I have no idea where this song came into my world. I have to blame either Linda or James – Linda loved hard rock, as did James – but I suppose popular culture could have inflicted it upon us, as well. You Shook Me All Night Long was a staple of the onzaine’s mixtapes, even more than the classic rock stations.
Although the song’s lyrics don’t even attempt to hide the sexuality, they didn’t – oddly – register with me. That was a common thing when I was younger (and still happens to this day, to be honest) where I would listen to the music and less to the words.
And frankly, that the song opened with “she was a fast machine / she kept her motor clean” probably just told me that the song was about a car, not a woman. (To be fair, Van Halen’s Panama is about a car. I wouldn’t know that for many years to come, though.)
I was still very naive at that point in my life. I didn’t understand innuendo hardly at all, I didn’t know the different between flirting and attraction (not that I saw it very much … well, at all, really), so hearing it in any music had about the same effect as someone slapping me with a trout.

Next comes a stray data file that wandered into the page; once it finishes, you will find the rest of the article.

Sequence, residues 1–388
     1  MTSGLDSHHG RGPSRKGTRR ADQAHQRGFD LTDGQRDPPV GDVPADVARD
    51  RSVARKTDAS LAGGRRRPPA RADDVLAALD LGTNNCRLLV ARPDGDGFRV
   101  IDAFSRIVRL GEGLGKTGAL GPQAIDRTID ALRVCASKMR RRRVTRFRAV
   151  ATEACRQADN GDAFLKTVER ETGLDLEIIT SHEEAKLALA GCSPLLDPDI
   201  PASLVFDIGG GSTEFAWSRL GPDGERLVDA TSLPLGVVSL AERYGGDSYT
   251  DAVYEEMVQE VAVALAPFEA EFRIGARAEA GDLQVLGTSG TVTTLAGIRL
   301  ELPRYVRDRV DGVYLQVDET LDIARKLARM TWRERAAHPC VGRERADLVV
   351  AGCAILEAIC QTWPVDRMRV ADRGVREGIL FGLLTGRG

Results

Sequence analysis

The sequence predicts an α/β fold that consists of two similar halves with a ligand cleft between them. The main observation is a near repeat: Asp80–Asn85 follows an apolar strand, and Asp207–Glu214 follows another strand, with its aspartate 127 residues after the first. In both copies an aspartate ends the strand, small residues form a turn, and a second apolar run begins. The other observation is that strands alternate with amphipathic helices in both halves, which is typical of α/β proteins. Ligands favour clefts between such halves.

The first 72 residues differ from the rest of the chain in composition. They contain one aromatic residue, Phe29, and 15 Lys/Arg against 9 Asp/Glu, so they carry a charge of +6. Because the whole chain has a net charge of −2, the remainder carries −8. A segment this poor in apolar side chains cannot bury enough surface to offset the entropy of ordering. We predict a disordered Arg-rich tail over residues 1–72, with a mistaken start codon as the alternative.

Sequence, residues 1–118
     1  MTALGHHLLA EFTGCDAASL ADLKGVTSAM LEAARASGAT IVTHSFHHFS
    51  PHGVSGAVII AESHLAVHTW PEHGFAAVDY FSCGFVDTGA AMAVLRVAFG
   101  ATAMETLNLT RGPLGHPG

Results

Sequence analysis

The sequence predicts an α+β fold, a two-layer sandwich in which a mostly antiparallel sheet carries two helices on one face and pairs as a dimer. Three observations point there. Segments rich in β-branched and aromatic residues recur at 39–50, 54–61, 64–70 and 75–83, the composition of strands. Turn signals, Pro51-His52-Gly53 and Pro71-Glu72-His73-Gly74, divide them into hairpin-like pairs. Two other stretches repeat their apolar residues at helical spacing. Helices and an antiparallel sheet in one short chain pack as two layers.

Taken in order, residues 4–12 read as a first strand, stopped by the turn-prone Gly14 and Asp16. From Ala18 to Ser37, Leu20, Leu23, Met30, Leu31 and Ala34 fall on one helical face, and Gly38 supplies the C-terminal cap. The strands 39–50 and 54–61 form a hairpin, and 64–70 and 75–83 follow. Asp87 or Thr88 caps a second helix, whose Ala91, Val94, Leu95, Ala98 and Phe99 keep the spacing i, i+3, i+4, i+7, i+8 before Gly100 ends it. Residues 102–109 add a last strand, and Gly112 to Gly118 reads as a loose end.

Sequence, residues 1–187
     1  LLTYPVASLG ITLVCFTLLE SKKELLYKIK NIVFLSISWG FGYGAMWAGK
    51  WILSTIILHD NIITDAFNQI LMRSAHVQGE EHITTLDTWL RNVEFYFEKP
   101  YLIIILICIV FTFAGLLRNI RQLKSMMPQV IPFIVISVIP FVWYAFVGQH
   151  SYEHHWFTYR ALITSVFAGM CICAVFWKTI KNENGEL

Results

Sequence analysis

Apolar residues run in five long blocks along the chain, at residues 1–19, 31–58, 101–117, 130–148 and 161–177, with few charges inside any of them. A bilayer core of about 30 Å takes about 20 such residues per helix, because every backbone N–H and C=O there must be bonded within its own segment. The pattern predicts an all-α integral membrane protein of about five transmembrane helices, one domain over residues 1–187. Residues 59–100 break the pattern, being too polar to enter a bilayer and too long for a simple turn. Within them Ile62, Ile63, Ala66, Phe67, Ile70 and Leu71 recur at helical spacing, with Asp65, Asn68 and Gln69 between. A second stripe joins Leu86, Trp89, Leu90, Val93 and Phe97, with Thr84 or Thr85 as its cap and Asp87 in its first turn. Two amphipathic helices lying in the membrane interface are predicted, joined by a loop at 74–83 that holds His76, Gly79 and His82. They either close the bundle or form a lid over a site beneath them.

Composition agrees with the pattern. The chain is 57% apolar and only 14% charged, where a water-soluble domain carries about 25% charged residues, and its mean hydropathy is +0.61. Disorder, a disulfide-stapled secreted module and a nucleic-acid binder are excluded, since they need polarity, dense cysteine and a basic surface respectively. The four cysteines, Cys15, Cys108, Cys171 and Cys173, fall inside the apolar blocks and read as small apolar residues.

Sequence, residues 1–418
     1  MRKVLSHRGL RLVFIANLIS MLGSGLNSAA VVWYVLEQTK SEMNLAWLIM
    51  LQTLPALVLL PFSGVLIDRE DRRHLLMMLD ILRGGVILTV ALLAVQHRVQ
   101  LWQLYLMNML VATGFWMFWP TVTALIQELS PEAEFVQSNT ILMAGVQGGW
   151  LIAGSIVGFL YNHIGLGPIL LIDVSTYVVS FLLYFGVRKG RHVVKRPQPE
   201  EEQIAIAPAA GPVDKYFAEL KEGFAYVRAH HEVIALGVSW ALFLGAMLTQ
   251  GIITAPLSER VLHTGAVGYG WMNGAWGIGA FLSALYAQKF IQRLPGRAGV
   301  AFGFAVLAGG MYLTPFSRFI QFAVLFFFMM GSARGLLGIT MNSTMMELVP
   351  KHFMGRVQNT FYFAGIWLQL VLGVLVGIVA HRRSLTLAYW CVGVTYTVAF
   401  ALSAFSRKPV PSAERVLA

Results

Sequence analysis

I will note that I understood British absurdist humour far better than I did anything to do with emotions – mine or anyone else’s – so anything I didn’t understand was usually met with a strange response. I continued to be strange. And, apparently, “intense”.
Frankly, I have to look back at my youth and wonder how I even had any friends, let alone be turned into one of those boys that others get warned about. I mean, all the signs are there: spent a lot of time on computers, watched TV alone in the dark, sat on high-backed chairs stroking my kitty cat while glaring at my arch nemesis…
Suffice to say, I didn’t “understand” You Shook Me All Night Long until years later, by which time I’d actually taken a distaste to it. (Thank you pop radio for murdering yet another great song.) But what I did understand, lyrics aside, was what made a great rock song.
And this, perhaps more than anything else, was the nacent foundation of my love of music, why I have a bad habit of tuning out people talking to me if I hear a great song playing on a nearby radio, or worse, at a restaurant or pub. I want to hear how it’s played, where the instruments are used, try (vainly, I still suck at music theory) to pick up the signature time or hear the rhythm.
I might not understand music, but I do love it. And about this time, my tastes started broadening. I might still not listen to country and western, but I appreciate it a lot more today than I did back in high school. I can’t say it all started with AC/DC, but I will say that there are few bands – even fewer albums, and precious fewer songs – that have such brilliant structure and production that they stand the test of time.